Neil McEvoy Senedd Building

Senedd Member spoken to by police for allegedly breaking lockdown regulations

Investigation into claims that Propel leader Neil McEvoy had been handing out political leaflets in Cardiff

SENEDD member Neil McEvoy has been spoken to by police due to an alleged breach of Welsh lockdown regulations.

South Wales Police questioned Mr McEvoy at his home on Sunday evening (Feb 14) after receiving a complaint that he was seen delivering political leaflets to his constituents in Pentrebane and Caerau.

“I feel absolutely sickened to be living in a country where the police think it’s acceptable to go and knock politicians out of bed for, shock horror, giving out leaflets to constituents,” said Mr McEvoy in a Facebook video he posted.

“Police told me that I had broken the law, apparently. I don’t think I did because I actually voted on the law and nowhere in the legislation does it say that you’re not allowed to give out political leaflets.”

Mr McEvoy, who represents South Wales Central at the parliament and Fairwater on Cardiff Council, is partly correct – the legislation does not strictly prohibit leafleting in general.

However, candidates in the May 6 election were told by the Welsh Government that current lockdown rules prohibit traditional door-to-door campaigning. This includes distributing campaign leaflets.

A police spokesperson said: “We received a complaint from a member of the public regarding the door-to-door delivery of election leaflets in the Cardiff area at the weekend.

“As a result of this complaint, an officer attended an address in the Cardiff area and spoke to a 50-year-old man in relation to the matter. Following the identification of a potential offence, the man was reported for consideration of prosecution under the Health Protection (Coronavirus Restrictions) (No 5) (Wales) Regulations 2020.

“Welsh Government has published clear guidance which states that delivering election leaflets is not a reasonable excuse to leave home under Alert Level 4 restrictions.

“Throughout the pandemic the vast majority of the public have done the right thing by following the regulations to stay at home, protect the NHS and save lives. Our policing response has been consistent in explaining the rules, encouraging compliance and taking enforcement action when there are repeated or blatant breaches.”

A Welsh Government spokesperson explained the background to the advice given to police regarding the distribution of election leaflets.

“Wales is currently at alert level 4, and the general rules are that people must stay at home, except for very limited purposes. This means people must not visit other households or meet other people they do not live with,” they said.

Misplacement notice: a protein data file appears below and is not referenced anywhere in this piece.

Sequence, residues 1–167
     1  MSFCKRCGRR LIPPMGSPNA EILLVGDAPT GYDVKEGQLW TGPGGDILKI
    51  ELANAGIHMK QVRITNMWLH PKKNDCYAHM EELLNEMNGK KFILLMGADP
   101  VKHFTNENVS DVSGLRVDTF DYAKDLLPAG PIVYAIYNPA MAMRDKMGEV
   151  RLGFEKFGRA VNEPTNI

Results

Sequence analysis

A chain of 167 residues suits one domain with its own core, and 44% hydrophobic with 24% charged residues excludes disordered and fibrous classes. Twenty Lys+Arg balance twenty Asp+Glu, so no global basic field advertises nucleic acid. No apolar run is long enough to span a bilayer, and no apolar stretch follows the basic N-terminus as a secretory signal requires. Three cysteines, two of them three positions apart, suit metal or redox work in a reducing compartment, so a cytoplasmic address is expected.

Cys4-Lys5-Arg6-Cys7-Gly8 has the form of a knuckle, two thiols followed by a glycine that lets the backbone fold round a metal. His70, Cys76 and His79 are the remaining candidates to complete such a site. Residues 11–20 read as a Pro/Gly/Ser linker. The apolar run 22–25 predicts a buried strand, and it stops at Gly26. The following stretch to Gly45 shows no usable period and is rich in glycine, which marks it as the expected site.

“People can leave home if they have a reasonable excuse. This means leaving home only for a purpose that is reasonably necessary, and where there is no reasonably practicable alternative.

“In the current circumstances, distributing election leaflets door-to-door is not a reasonable excuse to leave home. Leaflets can of course be distributed safely by post, as mail delivery services continue to operate during the pandemic.

“Political parties, candidates and other campaigners are encouraged to consider the full range of means available to them, including social media, to provide information about the election to the electorate.”

Following the visit from police Mr McEvoy said he had refused to accept a caution for an alleged breach of Covid regulations.

The case has been referred to one of South Wales Police’s Joint Enforcement Teams, which have been set up between the police and local authorities to enforce Covid regulations.

They will now decide whether or not a breach has occurred and if it has, a Fixed Penalty Notice would be issued.

Mr McEvoy was campaigning on behalf of his political party, Propel, for whom he’ll be standing in the upcoming Senedd election on May 6.

Speaking to The Cardiffian after police came to his home Mr McEvoy said: “I voted on the legislation and I don’t recognise what they were talking about. It’s abusing the system. Tonight, was an attempt at intimidation. Pure and simple.”

Mr McEvoy claims he’s not the only politician delivering campaign leaflets and is set to make a “formal complaint” to police about the matter.

“If I’m not allowed to deliver leaflets as part of my job, what I’m paid to do – to communicate with members of the public – then clearly people giving out paid leaflets is an offence as well,” he added.

According to Mr McEvoy, Welsh Labour has also delivered campaign leaflets across Cardiff West but that has been strenuously denied.

“No. None whatsoever,” said Welsh Labour Head of Communications, Luke Young. “I’m not aware that any leaflets with Mark Drakeford’s name have gone out.

“Neil McEvoy been pushing this idea for the last few weeks that Welsh Labour has been out leafleting, in contravention of the rules, which is completely false.

“We’ve been quite clear with party members that there’s no door to door knocking or leafleting, there’s no street stalls. We follow the letter of the law and the spirit as well.”

This isn’t the first time Mr McEvoy has been in hot water due to campaign leaflets.

A report from the Senedd standards commissioner that was leaked to the BBC in January alleged that he had “caused or permitted” the printing of thousands of election leaflets in his office.

However, Mr McEvoy denied any breaches, labelling the investigation a “witch-hunt”.

Mr McEvoy told The Cardiffian last night: “The report alleged I did the printing. I reject that.”